J Am Acad Audiol 2015; 26(05): 461-477
DOI: 10.3766/jaaa.14094
American Academy of Audiology. All rights reserved. (2015) American Academy of Audiology

Age-Related Effects of Dichotic Attentional Mode on Interaural Asymmetry: An AERP Study with Independent Component Analysis

Tara Davis
Nicholas Stanley
Lori Foran
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06. August 2020 (online)

Background: The degree of interaural asymmetry (IA) obtained on a dichotic listening task is affected by attentional demands attributable to the mode of test administration. Previous research has shown that IA in the elderly is more influenced by increased attentional demands than young adults (YAs), but the effect of attentional mode on IA in middle-aged adults (MAs) has not been established. Auditory event-related potentials (AERPs), such as the N400, allow the evaluation of subtle differences in linguistic and cognitive processing between YAs and MAs that are imperceptible by behavioral means.

Purpose: To determine the effect of dichotic attentional mode on IA in the N400 in YA and MA listeners.

Research Design: Participants listened to groups of words that consisted of a reference word followed by dichotic probe words. Participants judged whether probe words were semantically related or unrelated to the reference word. This semantic judgment task was elicited in both divided-attention (DIV) and directed-attention (DIR) modes.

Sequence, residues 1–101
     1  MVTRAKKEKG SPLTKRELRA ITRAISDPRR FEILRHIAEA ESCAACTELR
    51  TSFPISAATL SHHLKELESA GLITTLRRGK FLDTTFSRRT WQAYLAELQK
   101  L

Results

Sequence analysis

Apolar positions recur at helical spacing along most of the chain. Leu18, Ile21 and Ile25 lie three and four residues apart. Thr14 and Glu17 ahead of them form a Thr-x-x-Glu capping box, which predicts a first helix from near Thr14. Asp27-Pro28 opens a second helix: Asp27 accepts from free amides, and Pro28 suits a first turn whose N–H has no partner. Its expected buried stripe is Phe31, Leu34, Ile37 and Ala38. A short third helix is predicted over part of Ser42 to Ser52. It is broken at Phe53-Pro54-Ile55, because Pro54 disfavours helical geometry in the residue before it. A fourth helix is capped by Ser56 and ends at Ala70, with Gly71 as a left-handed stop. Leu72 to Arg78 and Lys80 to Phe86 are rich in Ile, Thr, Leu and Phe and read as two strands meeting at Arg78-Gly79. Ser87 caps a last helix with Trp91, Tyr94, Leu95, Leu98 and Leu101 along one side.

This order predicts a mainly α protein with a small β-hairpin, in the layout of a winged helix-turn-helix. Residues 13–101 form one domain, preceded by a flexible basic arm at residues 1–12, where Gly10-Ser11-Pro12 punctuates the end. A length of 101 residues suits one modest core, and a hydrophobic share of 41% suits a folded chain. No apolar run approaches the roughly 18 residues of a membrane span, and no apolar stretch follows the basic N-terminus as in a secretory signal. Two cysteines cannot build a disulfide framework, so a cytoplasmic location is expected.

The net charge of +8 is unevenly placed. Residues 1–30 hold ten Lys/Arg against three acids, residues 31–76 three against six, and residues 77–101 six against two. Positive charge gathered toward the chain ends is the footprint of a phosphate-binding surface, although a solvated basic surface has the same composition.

Study Sample: Twenty-three YA (19–25 yr) and twenty-three MA (47–59 yr) females participated in the study.

Data Collection and Analysis: Individual, as well as grand-averaged, AERP waveforms, scalp topographies, and event-related potential-image plots were analyzed. A mixed design analysis of variance was used to compare the N400 amplitude and latency response between ears in both attentional modes. Independent component analysis was used to isolate temporally overlapping neural sources that contributed to the negativity in the latency range of the N400 component.

Results: N400 amplitude was significantly more negative in the DIV mode than DIR in both age groups. IA differences between age groups were evident only in DIV, as indicated by an age-related shift in the direction of IA in the N400 from greater asymmetry on the right in YAs to greater asymmetry on the left in MAs. ICA revealed that the age-related difference in IA in the AERP waveform reflected differences between YAs and MAs primarily in an electroencephalographic source process consistent with attentional processing.

Conclusions: IA differences between YAs and MAs were revealed in the N400 only in DIV, which was the result of an increased information-processing load. ICA successfully separated temporally overlapping EEG sources that contributed to the N400 component, allowing a refined interpretation of differences in the AERP waveform among groups.